Ken Myers was a co-founder, but until then he had a full-time job separately and was more or less working on sweat equity. But he’s come from successful startups, as a CFO, CTO and even a CEO, so he had this background that filled in a lot of gaps in areas that I lacked. I definitely learned the importance of not going at this alone.

B: I agree, and with that you guys are a diverse company with your hands in a lot of different areas, how do you keep everything moving in the right direction and not become overwhelmed by the opportunities?

C: One of the biggest challenges in a startup is to deviate from your core business or mission, but while we have a lot of irons in the fire all of them are based off of our core technology. So we have sports (FanReact), esports (Mainline), business (Referral Ring), and then our work building out platforms for companies like Vype, Verified Athlete and Gameday Films, but all of that is still built off our main technology. We aren’t changing our mission overall, but it does give us the opportunity to see which one sticks.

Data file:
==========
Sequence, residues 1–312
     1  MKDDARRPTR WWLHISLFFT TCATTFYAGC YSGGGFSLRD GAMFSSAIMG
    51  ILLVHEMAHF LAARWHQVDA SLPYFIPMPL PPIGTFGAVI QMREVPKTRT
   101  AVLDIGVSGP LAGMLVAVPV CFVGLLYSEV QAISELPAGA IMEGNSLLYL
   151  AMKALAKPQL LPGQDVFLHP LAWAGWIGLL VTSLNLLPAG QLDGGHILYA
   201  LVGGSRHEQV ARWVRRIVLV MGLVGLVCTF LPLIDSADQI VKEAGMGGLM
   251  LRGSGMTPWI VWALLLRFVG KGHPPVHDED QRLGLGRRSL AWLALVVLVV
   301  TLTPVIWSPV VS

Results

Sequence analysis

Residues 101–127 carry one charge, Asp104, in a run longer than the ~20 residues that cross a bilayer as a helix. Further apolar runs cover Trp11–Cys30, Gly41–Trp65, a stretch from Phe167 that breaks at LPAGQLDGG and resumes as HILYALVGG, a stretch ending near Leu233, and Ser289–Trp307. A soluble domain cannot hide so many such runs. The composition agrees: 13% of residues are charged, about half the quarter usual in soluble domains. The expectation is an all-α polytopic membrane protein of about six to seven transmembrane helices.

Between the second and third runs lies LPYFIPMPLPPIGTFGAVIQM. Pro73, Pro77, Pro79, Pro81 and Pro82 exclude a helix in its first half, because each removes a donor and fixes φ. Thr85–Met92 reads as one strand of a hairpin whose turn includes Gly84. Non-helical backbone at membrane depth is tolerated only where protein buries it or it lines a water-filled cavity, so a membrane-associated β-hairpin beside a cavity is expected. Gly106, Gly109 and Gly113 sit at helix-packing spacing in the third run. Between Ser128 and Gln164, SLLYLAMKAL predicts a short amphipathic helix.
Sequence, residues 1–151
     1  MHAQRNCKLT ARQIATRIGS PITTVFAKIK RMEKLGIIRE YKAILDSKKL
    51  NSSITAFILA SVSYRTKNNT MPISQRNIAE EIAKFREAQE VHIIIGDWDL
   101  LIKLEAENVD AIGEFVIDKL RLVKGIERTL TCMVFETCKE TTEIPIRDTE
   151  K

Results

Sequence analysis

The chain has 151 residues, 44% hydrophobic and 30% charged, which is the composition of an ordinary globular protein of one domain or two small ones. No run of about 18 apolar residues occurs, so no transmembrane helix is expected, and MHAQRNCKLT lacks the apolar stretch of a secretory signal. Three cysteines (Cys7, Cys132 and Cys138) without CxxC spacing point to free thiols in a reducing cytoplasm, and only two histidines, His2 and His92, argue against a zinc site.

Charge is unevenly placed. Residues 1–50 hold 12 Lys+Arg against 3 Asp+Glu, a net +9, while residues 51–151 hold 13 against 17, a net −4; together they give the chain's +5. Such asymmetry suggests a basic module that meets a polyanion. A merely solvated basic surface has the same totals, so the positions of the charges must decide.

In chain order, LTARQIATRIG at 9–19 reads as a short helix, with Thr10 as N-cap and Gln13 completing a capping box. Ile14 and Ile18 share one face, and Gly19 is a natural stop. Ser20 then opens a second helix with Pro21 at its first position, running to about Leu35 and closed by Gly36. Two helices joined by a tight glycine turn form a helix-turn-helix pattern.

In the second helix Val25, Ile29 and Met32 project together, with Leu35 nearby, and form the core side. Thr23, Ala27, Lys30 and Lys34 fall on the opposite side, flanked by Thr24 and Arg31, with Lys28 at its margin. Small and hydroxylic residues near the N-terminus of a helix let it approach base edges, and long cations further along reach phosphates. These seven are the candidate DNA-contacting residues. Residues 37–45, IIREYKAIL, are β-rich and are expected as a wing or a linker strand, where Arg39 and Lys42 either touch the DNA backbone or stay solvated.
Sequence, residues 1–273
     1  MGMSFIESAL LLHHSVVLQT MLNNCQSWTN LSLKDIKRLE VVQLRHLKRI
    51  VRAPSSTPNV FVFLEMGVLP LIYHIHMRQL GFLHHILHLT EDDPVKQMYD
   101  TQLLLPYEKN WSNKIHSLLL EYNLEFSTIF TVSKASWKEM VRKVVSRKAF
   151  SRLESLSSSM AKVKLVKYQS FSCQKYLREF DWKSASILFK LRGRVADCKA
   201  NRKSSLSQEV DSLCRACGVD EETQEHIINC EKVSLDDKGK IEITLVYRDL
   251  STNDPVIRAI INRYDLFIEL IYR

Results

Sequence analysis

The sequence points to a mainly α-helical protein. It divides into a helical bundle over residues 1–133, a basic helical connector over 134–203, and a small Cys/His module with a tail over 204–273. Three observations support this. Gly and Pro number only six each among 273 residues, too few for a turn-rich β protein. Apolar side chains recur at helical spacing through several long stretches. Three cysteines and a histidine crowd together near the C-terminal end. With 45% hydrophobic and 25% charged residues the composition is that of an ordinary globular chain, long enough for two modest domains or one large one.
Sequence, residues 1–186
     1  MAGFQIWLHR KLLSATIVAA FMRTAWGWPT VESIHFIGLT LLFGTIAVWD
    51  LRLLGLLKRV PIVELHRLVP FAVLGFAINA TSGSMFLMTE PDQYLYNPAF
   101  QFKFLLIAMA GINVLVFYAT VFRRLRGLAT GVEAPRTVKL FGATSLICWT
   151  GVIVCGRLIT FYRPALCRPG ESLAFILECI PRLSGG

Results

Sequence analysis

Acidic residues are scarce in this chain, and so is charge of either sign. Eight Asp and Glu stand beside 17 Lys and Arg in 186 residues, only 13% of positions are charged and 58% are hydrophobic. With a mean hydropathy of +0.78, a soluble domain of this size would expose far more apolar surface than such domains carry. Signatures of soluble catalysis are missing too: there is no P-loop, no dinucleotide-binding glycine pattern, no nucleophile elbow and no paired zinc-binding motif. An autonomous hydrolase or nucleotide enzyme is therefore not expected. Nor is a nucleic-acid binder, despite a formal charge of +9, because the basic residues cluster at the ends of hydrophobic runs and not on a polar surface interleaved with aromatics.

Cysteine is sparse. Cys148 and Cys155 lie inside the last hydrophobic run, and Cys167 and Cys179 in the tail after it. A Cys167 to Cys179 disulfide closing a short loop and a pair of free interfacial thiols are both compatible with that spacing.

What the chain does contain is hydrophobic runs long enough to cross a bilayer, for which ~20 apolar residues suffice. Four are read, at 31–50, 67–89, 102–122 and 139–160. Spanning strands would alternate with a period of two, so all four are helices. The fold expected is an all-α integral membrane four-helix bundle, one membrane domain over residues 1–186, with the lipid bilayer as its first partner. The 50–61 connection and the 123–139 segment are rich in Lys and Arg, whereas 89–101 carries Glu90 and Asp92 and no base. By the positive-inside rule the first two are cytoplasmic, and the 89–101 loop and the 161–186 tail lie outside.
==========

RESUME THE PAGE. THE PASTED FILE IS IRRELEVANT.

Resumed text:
B: So we’ve talked enough about serious work things, let’s say someone offers you 100 billion dollars tomorrow to take FanReact off your hands, what would you do next?

C: First off, back when I thought we were shutting down I had already planned out a 3-month sailing trip in the Caribbean, so that would be step 1. And then second, as you know I love public speaking.